A life or death situation may also arise if medications like insulin are forgotten, lost or just run out. In this case, pet parents should seek out emergency care at the nearest animal shelter or clinic. If unable to provide immediate assistance, they should be able to direct you to the correct location.
Some medications, like insulin, should be refrigerated. In a disaster, this may prove impractical or only possible for a short period of time. Pet parents should start by keeping a cold pack along with a zip loc bag in their freezer just for use in their pet emergency kit. Also, an insulated bag can be clipped to the strap of the primary kit. After you leave the immediate danger area, if the cold pack loses its effectiveness you will need to find another way to cool the medicines, such as ice in the zip loc bag. If ice is scarce, use a bag of frozen peas or corn.
You should also discuss with your pet's prescribing veterinarian at what maximum temperature they feel the medicine should no longer be used. Keep in mind that some medicines cannot be chilled again because heat changes their composition. And when all else fails, seek out help at a local animal shelter.
CKD pets may require intravenous fluids, cats in particular. This is another special situation in a disaster/evacuation that requires preparation. Make sure to include dispensing equipment with the emergency kit as well as fluid packs. If the pet parent does not know how to dispense fluids, Dr. Lowery advises
Typically in a disaster situation there are an emergency relief network of personnel, there are specially trained veterinarian health care teams, shelter personnel that are going to be prepared in case of those emergencies. They are going to have the set up that is needed to be able to provide intravenous medications, fluids, subcutaneous fluids, anything that they are going to need on a triage basis to make sure the pets are going to be kept safe and as healthy as possible.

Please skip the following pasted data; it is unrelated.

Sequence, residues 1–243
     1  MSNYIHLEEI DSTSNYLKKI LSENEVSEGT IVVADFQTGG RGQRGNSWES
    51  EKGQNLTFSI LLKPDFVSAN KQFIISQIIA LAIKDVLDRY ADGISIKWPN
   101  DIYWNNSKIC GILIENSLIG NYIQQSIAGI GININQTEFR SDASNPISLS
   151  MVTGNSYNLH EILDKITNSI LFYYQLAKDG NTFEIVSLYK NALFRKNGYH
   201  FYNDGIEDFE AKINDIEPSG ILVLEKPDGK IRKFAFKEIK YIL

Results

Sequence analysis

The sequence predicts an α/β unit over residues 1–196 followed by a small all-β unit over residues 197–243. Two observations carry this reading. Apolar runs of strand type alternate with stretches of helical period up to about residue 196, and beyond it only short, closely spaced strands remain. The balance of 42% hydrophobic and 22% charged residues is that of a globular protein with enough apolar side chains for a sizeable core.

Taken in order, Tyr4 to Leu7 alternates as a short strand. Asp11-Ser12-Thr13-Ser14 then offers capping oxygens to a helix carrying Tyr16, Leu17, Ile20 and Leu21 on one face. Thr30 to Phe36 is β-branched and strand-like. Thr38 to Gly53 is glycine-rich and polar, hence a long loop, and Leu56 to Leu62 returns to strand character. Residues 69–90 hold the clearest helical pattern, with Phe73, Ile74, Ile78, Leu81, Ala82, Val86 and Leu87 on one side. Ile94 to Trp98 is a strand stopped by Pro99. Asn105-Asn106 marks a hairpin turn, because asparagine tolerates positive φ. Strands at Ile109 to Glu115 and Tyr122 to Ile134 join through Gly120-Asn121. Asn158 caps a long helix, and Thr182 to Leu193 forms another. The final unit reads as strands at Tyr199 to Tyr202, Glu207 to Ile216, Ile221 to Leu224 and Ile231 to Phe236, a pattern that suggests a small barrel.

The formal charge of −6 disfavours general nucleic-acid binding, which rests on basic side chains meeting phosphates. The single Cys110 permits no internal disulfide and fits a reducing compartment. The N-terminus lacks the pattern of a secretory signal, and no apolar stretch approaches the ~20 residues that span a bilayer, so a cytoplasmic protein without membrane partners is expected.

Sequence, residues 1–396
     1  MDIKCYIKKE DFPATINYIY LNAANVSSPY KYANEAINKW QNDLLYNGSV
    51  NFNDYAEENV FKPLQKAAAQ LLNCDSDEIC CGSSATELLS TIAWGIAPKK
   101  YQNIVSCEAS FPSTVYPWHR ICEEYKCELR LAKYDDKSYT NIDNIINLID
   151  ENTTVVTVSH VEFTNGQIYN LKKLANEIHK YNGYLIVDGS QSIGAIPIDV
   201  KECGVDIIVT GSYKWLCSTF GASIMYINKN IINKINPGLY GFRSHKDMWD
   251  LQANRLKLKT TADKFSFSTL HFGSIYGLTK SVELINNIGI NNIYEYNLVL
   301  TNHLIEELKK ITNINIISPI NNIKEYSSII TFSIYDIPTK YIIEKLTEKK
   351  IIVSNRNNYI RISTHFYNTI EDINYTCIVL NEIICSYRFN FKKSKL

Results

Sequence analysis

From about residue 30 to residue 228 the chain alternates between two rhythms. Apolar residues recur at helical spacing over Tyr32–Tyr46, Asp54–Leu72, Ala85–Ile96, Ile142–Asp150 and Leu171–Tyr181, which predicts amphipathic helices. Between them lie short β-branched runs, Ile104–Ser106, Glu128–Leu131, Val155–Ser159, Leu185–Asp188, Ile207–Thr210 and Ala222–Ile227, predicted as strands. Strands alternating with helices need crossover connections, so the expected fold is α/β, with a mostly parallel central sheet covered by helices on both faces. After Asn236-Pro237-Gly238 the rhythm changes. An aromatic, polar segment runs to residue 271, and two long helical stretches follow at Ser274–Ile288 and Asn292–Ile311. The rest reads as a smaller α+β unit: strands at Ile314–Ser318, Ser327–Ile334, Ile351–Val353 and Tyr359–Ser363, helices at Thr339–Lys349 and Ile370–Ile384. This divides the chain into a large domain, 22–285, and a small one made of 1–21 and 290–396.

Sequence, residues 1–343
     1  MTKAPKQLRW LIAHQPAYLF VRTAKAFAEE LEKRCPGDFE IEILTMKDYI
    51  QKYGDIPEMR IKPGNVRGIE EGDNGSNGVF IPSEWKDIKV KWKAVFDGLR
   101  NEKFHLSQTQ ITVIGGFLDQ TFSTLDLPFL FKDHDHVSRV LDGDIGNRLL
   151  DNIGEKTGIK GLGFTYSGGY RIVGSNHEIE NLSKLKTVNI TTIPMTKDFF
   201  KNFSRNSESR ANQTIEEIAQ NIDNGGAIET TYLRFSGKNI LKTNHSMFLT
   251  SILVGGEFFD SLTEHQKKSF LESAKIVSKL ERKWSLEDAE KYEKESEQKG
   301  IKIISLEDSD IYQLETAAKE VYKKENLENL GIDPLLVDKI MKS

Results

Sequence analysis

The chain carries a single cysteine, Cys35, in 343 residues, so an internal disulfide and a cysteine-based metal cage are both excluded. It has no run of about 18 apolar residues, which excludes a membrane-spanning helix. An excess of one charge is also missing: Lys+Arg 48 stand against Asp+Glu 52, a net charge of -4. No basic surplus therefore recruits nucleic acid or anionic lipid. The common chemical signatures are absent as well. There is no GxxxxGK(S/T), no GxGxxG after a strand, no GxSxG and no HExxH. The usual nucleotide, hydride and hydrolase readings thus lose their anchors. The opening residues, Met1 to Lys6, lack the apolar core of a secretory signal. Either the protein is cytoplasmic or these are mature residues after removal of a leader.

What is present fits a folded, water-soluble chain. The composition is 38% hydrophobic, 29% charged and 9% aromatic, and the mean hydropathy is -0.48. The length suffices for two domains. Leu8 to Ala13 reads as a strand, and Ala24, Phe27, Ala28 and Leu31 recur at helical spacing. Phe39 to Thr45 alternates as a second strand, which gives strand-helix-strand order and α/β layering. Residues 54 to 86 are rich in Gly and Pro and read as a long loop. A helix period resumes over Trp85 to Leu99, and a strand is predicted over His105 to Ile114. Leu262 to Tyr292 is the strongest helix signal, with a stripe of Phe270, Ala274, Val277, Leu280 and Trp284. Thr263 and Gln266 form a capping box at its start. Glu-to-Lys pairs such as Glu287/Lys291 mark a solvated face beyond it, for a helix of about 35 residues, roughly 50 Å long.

Try as we may to remain calm, evacuations often become chaotic and most of our pets are much smaller and less visible than humans, even children. A pet may be stepped on, run into or burned. In these situations, a pet parent may need to act as a first responder to treat an injured pet. For this reason, pet parents should keep a pet first aid kit handy. The items in the kit are NOT the same as in a human first aid kit, bandages in particular.
The Humane Society has a good check list and the American Vet. Medical Association (AVMA) has an emergency care instruction pamphlet pet parents can print out and keep in the kit. PetMD has a checklist of procedures for treating burns that can also be printed and kept with the kit. Familiarize yourself with and practice first aid procedures prior to an actual emergency.
Dr. Lowery recommends pet parents to be careful and cautious when administering first aid as the pet may be afraid, in severe pain and could bite. Keep the patient as comfortable as possible and go to the nearest vet clinic or rescue shelter as soon as possible. If you know the area you are likely to deploy to in an emergency, keep a list of area shelters and vets with your pet's kit.
It is not uncommon for pets to be prescribed sedatives to relieve anxiety, for example during thunderstorms. Pet parents should discuss if sedatives are recommended for their pet and when it is appropriate to administer. Only give your pet sedatives specifically prescribed for them as some sedatives are contra indicated for certain medical conditions or in the presense of other medications.
Clearly, emergency/disaster preparedness is more than a 15 minute Sunday afternoon chore. But the time and thought that families put into assembling evacuation and first aid kits before they are needed can save a pet's life during a real emergency. So please take this weekend to begin planning and assembling yours.